For all the nameless souls buried beneath the roads and pavements of London’s East End and beyond, I’ve written this free song, ‘Judgement Day’. This fortnight it’s all about rotting bodies.
This one comes straight from Cable Street in London’s East End, we’re talking about suicide burials.
The daily grind of a 9-to-5 job can easily disappear into a sludge of mind numbing tasks and brain-dead monotony. But every now and again this life sentence can be interrupted by a freak occurrence or grim discovery. And I’m not talking about a stubborn deposit in the Men’s. Maybe you arrive at work to find someone has hacked into your email account, or nicked your staple remover to pedicure their toenails, or you find a rotting corpse on your desk wrapped in chains with a stake driven through its heart. No? Well it happened to some workmen in 1886.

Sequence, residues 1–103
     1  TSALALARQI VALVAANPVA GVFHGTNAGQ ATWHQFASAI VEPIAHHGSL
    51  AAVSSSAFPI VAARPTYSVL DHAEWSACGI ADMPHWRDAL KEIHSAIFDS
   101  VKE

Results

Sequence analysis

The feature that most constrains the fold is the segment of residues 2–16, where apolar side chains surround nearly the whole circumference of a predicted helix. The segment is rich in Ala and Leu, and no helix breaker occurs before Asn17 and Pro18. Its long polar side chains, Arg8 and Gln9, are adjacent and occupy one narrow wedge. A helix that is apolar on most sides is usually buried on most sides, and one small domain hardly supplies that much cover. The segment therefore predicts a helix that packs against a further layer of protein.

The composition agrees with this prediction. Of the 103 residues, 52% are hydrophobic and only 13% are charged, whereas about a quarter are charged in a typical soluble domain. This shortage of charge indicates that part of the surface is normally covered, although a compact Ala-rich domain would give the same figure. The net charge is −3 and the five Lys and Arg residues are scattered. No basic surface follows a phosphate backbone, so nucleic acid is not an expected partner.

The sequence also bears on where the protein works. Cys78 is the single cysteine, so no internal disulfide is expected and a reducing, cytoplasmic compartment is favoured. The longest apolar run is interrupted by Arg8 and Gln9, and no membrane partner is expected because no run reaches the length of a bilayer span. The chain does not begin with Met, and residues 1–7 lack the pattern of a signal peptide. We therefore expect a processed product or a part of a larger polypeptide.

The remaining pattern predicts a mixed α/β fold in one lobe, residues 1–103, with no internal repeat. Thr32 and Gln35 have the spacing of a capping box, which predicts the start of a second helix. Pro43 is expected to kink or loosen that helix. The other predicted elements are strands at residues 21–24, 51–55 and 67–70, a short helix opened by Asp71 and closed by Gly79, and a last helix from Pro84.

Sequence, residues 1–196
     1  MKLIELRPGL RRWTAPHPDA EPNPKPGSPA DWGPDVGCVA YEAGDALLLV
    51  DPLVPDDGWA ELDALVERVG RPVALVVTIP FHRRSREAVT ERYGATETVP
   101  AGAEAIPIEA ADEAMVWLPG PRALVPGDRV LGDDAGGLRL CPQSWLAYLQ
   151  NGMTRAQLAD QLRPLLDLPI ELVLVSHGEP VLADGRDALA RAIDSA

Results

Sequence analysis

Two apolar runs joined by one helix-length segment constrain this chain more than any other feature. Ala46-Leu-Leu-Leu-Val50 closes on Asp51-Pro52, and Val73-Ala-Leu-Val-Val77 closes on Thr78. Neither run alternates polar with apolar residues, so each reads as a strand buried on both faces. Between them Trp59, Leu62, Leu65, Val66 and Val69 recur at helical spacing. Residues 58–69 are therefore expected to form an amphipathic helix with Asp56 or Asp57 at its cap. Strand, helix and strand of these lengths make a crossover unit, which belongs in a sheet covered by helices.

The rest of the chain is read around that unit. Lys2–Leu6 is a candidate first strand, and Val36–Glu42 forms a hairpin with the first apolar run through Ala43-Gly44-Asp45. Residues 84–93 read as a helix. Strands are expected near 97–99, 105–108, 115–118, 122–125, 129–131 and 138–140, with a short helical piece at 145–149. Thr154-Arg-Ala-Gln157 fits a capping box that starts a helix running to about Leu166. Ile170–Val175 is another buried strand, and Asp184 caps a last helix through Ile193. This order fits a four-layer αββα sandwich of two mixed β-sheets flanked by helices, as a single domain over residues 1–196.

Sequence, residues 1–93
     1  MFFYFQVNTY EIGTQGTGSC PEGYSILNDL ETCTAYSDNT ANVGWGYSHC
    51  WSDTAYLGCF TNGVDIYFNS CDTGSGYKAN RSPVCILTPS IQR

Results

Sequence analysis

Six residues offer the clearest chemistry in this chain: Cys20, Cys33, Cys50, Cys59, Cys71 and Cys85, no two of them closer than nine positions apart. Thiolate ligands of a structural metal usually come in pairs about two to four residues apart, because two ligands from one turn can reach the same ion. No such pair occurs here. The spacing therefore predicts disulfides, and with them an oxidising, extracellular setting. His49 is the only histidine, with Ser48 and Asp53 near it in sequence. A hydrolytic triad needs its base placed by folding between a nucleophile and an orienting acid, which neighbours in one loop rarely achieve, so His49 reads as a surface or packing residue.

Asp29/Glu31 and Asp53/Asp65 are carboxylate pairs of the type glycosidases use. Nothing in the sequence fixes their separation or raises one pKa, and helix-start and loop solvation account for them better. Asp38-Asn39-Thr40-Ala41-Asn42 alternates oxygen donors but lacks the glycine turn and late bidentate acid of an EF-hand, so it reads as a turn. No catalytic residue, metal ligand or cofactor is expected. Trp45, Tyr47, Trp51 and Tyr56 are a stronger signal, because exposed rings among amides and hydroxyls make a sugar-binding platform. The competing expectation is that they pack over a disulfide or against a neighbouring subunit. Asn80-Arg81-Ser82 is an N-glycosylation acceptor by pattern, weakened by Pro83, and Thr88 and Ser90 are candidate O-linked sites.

True account; Cable Street in East London and workmen are working away. I say working, of course one was probably working with six others sitting around on their arses. Employed by a commercial gas company to dig trenches and lay pipes, they stumble across a skeleton wrapped in chains with a stake driven through its heart.
Murder most horrid? A crime of the upmost barbarity? No, a regular suicide burial.
Up until the suicide burial act of 1823, it was judged the right and proper thing for upright respectable Christian folk, to maim the corpse of an individual who had committed suicide and then bury it with no ceremony by a roadside so that people could walk over it. That’s if they got buried at all. Most people when they discovered a corpse hanging from a tree or washed up on the shore, would ignore it and let it rot away,hoping someone else would pick up the pieces.
So next time you’re skipping through the streets of East London spare a thought for the poor souls who may be just under your feet.